By Ellen Greenberg
Planners revere Jane Jacobs for her ideas and her activism. Her ideas and her writings have been stunningly influential even if her direct impact on the built environment is harder to pinpoint. If the civil engineering profession is to have an idol (to my knowledge this post is not currently filled, but I do hope my readers will correct me on this point if I’ve got it wrong), it will need to be someone with a clear legacy of built work as well as influential ideas.
Readers of David McCullough’s engineering histories might well nominate the heroes of the Panama Canal or Brooklyn Bridge (John Roebling and offspring), and railway enthusiasts will certainly argue for Brunel, but my time in London has made me into a big advocate for Joseph Bazelgette. Bazelgette’s name, as his work, keeps appearing in different forms during my London sojourn. Yesterday I was reminded of this again – surprisingly during a garden tour at the Inner Temple. I might have realised that Bazelgette’s name would come up, as the garden occupies prime real estate in the City of London immediately north of the Thames.
The Inner Temple, formally The Honourable Society of the Inner Temple is described on Wikipedia as
one of the four Inns of Court (professional associations for barristers and judges) in London. To be called to the Bar and practise as a barrister in England and Wales an individual must belong to one of these Inns.
There has been a garden on the Inner Temple site since the 12th century. For hundreds of years it formed a direct connection to the Thames, as shown in the detail above. Now, however, the south side of the garden rises to The Broad Walk shown in the photo at left, an allee of double plane trees edged by an iron fence separating it from the pavement (“sidewalk” to us Americans), carriageway and riverfront promenade of the Victoria embankment. The feature photo at the start of this post shows the top of the slope in the garden, the roadway and the river beyond.
We were lucky to have a chance to chat with Andrea Brunsendorf, Inner Temple Head Gardener, who explained that this separation from the river edge, as well as the rise to the garden’s Broad Walk, was a result of the work of Joseph Bazelgette. In fact, it is a consequence of the project that brought Bazelgette his greatest and most lasting fame – the creation of London’s modern sewer network in response to the “Great Stink” of 1858 and the cholera epidemic in the city earlier that decade.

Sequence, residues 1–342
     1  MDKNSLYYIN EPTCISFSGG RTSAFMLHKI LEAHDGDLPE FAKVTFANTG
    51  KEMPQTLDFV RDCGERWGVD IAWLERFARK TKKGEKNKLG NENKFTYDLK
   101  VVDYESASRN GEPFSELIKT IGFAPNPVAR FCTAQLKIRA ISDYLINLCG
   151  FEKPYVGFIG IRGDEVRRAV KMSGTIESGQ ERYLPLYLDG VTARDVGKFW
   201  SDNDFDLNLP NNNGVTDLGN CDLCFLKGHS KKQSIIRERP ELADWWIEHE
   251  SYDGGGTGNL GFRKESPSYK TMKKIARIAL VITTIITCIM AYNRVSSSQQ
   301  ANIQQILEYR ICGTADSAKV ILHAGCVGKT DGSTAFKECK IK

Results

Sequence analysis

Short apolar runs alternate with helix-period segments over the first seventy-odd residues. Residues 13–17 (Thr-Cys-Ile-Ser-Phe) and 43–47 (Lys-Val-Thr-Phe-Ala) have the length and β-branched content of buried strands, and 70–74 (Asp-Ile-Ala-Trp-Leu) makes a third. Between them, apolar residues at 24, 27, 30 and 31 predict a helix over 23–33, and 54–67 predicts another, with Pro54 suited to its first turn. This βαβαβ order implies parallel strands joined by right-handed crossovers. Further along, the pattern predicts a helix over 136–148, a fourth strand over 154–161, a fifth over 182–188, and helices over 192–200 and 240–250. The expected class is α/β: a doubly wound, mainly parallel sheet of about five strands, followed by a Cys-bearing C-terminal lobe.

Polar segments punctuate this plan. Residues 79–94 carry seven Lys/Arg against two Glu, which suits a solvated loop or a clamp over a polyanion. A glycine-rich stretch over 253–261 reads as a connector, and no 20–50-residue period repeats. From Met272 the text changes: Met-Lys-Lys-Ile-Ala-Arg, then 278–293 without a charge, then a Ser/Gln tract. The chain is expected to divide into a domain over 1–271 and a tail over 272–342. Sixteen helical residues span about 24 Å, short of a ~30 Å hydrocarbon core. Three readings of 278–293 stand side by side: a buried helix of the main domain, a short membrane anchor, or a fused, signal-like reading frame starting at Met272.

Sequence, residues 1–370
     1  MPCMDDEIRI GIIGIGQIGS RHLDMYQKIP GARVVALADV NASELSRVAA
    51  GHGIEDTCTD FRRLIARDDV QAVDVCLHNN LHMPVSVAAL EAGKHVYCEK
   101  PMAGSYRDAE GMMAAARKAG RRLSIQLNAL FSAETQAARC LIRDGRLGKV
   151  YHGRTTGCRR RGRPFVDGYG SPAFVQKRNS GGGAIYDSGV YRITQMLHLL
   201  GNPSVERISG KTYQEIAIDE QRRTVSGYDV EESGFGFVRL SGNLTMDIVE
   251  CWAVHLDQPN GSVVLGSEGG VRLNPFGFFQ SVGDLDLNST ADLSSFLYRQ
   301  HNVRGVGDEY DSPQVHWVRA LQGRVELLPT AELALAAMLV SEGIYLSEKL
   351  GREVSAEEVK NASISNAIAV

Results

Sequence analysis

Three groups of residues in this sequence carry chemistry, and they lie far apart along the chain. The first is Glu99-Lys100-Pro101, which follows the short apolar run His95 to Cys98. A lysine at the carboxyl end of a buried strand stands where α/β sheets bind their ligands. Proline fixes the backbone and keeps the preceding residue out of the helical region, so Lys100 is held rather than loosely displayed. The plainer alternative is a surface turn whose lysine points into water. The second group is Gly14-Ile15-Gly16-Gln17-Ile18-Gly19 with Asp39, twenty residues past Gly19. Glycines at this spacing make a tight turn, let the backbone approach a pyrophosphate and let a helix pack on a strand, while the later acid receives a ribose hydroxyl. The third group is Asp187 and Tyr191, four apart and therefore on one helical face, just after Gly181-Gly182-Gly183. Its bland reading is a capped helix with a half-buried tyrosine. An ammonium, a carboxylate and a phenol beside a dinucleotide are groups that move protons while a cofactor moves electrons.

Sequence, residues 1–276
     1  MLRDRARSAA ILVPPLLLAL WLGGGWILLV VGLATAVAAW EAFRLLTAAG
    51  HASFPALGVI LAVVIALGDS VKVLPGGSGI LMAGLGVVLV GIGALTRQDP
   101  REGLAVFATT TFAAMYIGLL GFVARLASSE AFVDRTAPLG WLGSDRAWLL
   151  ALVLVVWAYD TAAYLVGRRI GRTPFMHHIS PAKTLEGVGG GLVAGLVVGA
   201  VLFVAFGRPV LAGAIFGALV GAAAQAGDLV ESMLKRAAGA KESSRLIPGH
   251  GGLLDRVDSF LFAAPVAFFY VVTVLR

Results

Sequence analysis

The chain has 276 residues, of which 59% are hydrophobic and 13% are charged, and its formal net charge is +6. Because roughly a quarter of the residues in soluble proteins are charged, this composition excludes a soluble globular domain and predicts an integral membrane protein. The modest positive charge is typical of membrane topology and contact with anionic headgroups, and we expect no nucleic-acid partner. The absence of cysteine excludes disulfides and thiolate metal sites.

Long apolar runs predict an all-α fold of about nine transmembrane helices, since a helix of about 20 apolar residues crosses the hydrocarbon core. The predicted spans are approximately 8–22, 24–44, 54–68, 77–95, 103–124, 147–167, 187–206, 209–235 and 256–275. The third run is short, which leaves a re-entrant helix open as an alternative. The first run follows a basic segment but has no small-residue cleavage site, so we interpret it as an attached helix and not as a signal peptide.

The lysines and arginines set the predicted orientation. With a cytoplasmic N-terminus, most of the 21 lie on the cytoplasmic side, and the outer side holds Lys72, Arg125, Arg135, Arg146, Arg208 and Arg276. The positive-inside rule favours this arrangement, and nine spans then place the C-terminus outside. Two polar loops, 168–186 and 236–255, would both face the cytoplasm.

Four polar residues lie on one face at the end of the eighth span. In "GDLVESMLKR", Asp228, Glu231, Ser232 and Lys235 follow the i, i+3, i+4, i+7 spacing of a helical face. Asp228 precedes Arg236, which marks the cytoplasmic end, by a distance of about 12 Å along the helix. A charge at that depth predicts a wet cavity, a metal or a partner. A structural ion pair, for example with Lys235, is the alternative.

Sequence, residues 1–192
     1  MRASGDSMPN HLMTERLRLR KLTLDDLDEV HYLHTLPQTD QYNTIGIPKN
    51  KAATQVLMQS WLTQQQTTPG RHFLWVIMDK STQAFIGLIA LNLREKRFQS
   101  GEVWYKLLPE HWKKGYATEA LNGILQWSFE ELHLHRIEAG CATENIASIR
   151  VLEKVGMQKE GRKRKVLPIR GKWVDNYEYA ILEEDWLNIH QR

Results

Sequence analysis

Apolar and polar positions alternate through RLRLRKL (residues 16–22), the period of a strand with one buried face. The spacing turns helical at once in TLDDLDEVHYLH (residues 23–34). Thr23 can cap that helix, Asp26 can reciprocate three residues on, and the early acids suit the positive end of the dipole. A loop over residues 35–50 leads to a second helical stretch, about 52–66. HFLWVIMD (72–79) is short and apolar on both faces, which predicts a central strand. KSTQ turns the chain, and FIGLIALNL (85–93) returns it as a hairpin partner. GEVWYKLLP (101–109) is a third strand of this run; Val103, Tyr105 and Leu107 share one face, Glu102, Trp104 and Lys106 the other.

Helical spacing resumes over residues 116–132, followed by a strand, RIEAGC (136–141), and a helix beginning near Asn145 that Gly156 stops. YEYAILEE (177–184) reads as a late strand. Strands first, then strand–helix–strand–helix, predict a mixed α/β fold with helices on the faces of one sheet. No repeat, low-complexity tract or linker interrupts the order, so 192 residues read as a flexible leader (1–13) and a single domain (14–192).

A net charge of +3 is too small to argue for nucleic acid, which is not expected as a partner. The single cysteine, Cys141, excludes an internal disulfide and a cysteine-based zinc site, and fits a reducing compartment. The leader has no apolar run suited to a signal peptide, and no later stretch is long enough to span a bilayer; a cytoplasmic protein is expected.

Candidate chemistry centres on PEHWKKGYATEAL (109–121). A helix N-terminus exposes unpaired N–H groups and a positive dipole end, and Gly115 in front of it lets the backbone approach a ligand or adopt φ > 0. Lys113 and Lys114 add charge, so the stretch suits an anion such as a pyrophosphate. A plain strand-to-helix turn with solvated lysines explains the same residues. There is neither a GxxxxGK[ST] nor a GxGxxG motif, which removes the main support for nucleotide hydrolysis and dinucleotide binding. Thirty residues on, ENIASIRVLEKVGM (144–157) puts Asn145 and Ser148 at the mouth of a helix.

Bazelgette’s design for the Embankment, implemented in the second half of the 19th century with construction beginning in 1862, raised the level of the river edge, creating the subsurface space needed for the low-level sewer and also for an underground railway (today the District and Circle lines run below). The works reclaimed 22 acres of land from the river and included a retaining wall along the north side of the Thames. It is this astounding combination of purposes that has been referenced frequently in my time here.
“Do more with less” and “smarter not bigger” are phrases I hear on both sides of the Atlantic. “Multifunctionality” and “co-benefits” have become buzzwords and objectives of project after project. Our current emphasis on civil infrastructure that betters the public realm also finds inspiration along the Embankment and other Bazelgette projects like the Hammersmith Bridge, increasing the value and relevance of his legacy. Not surprising then, that his name pops up again and again.
On a neighbourhood exploration one day I came across an English Heritage Blue Plaque and learned that Bazelgette lived nearby on Hamilton Avenue in Maida Vale, and, happily, that he was recognised for his contributions. When I went to an event at the Institution of Civil Engineers Headquarters at One Great George Street (worth a visit), he was memorialised more grandly.
At the office, preparation for a workshop on London’s infrastructure generated comments about Bazelgette’s designs for the embankment. The outcome, wrapping together public health (the sewer), multi modal mobility (the underground, carriageway and pavements), public realm (riverfront promenade), flood control (retaining wall) and land reclamation, seemed the ideal inspiration for a morning spent in a discussion of how to solve London’s infrastructure crunch by doing more for less, smarter not bigger, etc.
The power and current relevance of Bazelgette’s ideas about engineering, and the impact of his built legacy, earn him my vote as the engineers’ Jane Jacobs, even though there’s no election on. (at least not on this topic!)
For another post on London’s development history inspired by Open Garden Squares weekend, see Public, Private and Pride
Additional images of Inner Temple Gardens are in Open Gardens Slideshow
There’s loads of information online about Bazelgette. For information about the Temple Gardens, go to:
We had a chance to visit the garden on a Saturday and chat with Andrea because it is Open Garden Squares Weekend. You can read about the event and London’s many usually-locked gardens, at
If you’ll be in London in mid-September, you may want to take part in the sister event, Open House London. Read about it and related architecture-enthusiast activities at
The Institution of Civil Engineers headquarters is a stunning building. Apparently now closed for renovations. Info at: